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Want to run in the municipal election? Here's what you need to know

City holding info session on March 3 for prospective candidates
0901 ElectionStart election signs CC 9250
Election signs such as these ones from 2017 will soon return to St. Albert now that the 2021 election nomination period has officially begun. Candidates have until Sept. 20 to get their papers in. CHRIS COLBOURNE/St. Albert Gazette

An upcoming city information session will tell you all you need to know about running for an elected position in St. Albert. 

Prospective candidates can run this fall to be the city's next mayor, city councillor or school trustee. While the election itself isn't until Oct. 18, people interested in a seat at city council or the school board can file their nomination papers any time between now until 12 p.m. on Sept. 20.

The City of St. Albert is offering a virtual candidate information session through Zoom on March 3 from 12 to 1 p.m. Send an email to [email protected] by 12 p.m. on March 2 to register. The session will also be livestreamed on the city's YouTube channel.

A city spokesperson said they have yet to receive any nomination papers as of Feb. 22. So far, 12 people are registered for the info session.

The city's 2021 Candidate Handbook includes information on positions available, changes to this election cycle, the nomination process, voting information, campaign signage rules and financial disclosure. Visit and click on “Information for Candidates” to download the guide.

For school trustees, visit the Greater St. Albert Catholic School's Information for Candidates webpage, or download the elections fact sheet for a trustee position with St. Albert Public. 

It's important to be familiar with provincial legislation as well, so make sure to review the Local Authorities Election Act (LAEA) and the Municipal Government Act (MGA) when considering filing nomination papers. 

If you aren't sure where to start, don't worry. We've summarized a few key important points to keep in mind.

What positions are available?

In St. Albert, there are seven positions available at the city council table, including the mayor and six city councillor seats. Candidates who can secure the most votes win. Four Catholic school board and five Public school board trustee positions will also be filled.

Check out the the city's 2021 candidate handbook for more information on the mayoral and council positions, including salaries, expectations, time commitments and responsibilities.

Who can run?

You have to check off these boxes. Are you over the age of 18? Have you lived in St. Albert for at least six months as of this March? Are you a Canadian citizen who's eligible to vote? Congratulations, you can run for municipal office.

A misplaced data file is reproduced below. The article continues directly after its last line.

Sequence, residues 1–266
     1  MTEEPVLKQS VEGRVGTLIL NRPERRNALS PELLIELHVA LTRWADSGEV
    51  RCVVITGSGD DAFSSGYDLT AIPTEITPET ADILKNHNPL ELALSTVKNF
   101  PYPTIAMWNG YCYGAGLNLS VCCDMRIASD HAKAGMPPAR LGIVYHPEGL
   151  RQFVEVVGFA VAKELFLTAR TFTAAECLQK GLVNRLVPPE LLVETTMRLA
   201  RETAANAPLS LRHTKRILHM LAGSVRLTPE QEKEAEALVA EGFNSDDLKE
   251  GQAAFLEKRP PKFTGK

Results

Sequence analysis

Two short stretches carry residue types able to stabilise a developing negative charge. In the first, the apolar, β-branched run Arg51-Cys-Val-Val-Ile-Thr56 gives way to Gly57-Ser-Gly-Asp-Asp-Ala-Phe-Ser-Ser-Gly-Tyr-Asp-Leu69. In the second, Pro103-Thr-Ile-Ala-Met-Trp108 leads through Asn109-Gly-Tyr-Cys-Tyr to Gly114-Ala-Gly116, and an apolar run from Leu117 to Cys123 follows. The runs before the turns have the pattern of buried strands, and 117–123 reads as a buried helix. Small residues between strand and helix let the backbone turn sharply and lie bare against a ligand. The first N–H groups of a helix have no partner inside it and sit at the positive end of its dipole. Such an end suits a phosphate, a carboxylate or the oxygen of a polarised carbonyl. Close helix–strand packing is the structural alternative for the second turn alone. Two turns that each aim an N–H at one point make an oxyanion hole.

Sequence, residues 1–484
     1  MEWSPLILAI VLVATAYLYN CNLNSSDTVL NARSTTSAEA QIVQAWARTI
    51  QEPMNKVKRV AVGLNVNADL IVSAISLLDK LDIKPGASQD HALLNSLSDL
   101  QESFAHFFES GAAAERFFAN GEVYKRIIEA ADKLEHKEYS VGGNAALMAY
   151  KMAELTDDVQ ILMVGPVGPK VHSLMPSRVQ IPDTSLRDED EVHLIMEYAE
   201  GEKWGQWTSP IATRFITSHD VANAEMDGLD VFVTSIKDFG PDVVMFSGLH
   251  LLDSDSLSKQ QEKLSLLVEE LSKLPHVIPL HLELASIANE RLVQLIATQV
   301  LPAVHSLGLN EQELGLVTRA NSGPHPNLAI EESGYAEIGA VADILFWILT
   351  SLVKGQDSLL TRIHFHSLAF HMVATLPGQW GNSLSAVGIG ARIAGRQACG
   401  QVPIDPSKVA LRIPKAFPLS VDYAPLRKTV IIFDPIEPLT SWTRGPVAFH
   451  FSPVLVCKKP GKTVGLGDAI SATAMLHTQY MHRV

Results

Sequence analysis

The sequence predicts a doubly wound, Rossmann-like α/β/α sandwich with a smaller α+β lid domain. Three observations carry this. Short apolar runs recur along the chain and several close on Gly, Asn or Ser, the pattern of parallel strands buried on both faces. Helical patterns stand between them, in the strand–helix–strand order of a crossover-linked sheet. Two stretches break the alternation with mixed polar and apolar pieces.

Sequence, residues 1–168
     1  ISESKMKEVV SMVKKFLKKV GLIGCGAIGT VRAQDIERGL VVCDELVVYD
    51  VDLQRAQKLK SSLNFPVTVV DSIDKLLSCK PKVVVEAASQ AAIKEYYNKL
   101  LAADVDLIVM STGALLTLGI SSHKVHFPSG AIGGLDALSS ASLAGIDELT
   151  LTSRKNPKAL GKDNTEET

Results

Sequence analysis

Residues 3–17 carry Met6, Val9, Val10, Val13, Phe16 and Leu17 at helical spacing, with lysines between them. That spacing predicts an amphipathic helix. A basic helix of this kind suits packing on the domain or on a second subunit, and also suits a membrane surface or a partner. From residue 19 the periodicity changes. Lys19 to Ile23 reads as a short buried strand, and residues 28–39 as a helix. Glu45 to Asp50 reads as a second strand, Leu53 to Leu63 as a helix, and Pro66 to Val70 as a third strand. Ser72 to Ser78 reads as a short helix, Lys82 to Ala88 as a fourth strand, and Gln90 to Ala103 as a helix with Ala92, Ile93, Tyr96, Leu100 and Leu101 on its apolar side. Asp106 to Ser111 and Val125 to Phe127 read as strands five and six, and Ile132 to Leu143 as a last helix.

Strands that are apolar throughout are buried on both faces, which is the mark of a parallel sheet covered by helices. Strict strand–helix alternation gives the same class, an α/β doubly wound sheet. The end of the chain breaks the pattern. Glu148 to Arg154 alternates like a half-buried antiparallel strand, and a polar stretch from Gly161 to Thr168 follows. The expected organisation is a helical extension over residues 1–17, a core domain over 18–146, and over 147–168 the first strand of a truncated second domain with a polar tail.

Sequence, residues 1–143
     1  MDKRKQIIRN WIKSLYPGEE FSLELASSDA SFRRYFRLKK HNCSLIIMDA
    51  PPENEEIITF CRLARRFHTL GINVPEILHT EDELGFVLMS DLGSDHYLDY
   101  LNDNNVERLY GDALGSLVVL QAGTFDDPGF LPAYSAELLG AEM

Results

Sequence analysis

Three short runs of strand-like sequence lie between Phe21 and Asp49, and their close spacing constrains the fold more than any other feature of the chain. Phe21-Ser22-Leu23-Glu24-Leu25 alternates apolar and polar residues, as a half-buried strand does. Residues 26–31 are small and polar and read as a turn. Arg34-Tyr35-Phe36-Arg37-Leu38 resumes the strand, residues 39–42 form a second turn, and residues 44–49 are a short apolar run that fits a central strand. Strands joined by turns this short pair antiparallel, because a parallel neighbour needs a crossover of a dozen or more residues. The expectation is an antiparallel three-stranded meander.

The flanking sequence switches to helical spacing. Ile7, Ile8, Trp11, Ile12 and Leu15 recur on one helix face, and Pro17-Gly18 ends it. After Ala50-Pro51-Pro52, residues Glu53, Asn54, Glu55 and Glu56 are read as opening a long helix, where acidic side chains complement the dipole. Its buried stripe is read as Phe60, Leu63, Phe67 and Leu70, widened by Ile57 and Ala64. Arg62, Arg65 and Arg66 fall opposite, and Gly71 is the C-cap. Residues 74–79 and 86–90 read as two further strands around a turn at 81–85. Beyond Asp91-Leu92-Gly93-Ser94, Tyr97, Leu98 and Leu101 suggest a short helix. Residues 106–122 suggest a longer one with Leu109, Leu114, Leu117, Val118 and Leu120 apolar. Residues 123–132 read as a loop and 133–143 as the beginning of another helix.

Individuals who aren't eligible include: an auditor of the municipality, a judge, a municipal or school board employee who hasn't taken an unpaid leave of absence, someone who owes more than $50 in taxes or is in default for any other debt to the city in excess of $500 for more than 90 days, an MP, senator or MLA.

Election Act changes

There have been a few changes since the last election in 2017 to the Local Authorities Election Act that candidates should be aware of.

  • Candidates have to issue a receipt for every contribution they received, and must submit with their disclosure statement a list of contributor names and addresses for people who contributed $50 or more. As well, candidates need to make sure they submit campaign disclosure statements by March 1, 2022.
  • Before, candidates could accept contributions from corporations. Now, contributors must be individuals who live in Alberta. 
  • Candidates must now open a campaign bank once they have accepted more than $1,000 of campaign contributions, including contributions from the candidate's own funds.
  • Third-party advertisers are now required to register with the city once they have spent or plan to spend at least $1,000, accepted contributions or plan to accept contributions of at least $1,000. 

Where do I file nomination papers?

The returning officer, who is city legal and legislative director David Leflar, will receive each candidate’s nomination form. Nomination papers may be submitted by using the secure drop box beside the front entry doors of St. Albert Place, or by mail/courier to the City of St. Albert.

Nominations will not be accepted after 12 p.m. on Sept. 20. The form must be signed by the candidate and witnessed by a Commissioner for Oaths in Alberta. You've also got to have at least five signatures from people to nominate you. Fax transmissions and emails of scanned documents will not be accepted. 

Nomination forms for mayor and council are available on the city’s website. If you get cold feet, a candidate may withdraw their nomination if they file it in writing to the returning officer by noon on Sept. 21. 

Local school boards will be taking their own nomination this year. If you want to apply to be a Catholic school board trustee, call 780-459-7711 to organize an appointment to pick up a package at 6 St. Vital Ave., or download it from their website. Completed nomination forms will be accepted by appointment only during operational days.

Those considering becoming a Public school board trustee can download the forms from their website, or call 780-460-3712 for an appointment to review the package over the phone. Call 780-418-6663 for an appointment to submit your nomination papers.

Brittany Gervais

About the Author: Brittany Gervais

Brittany Gervais joined the St. Albert Gazette in 2020. She writes about city hall, business, general news and features.
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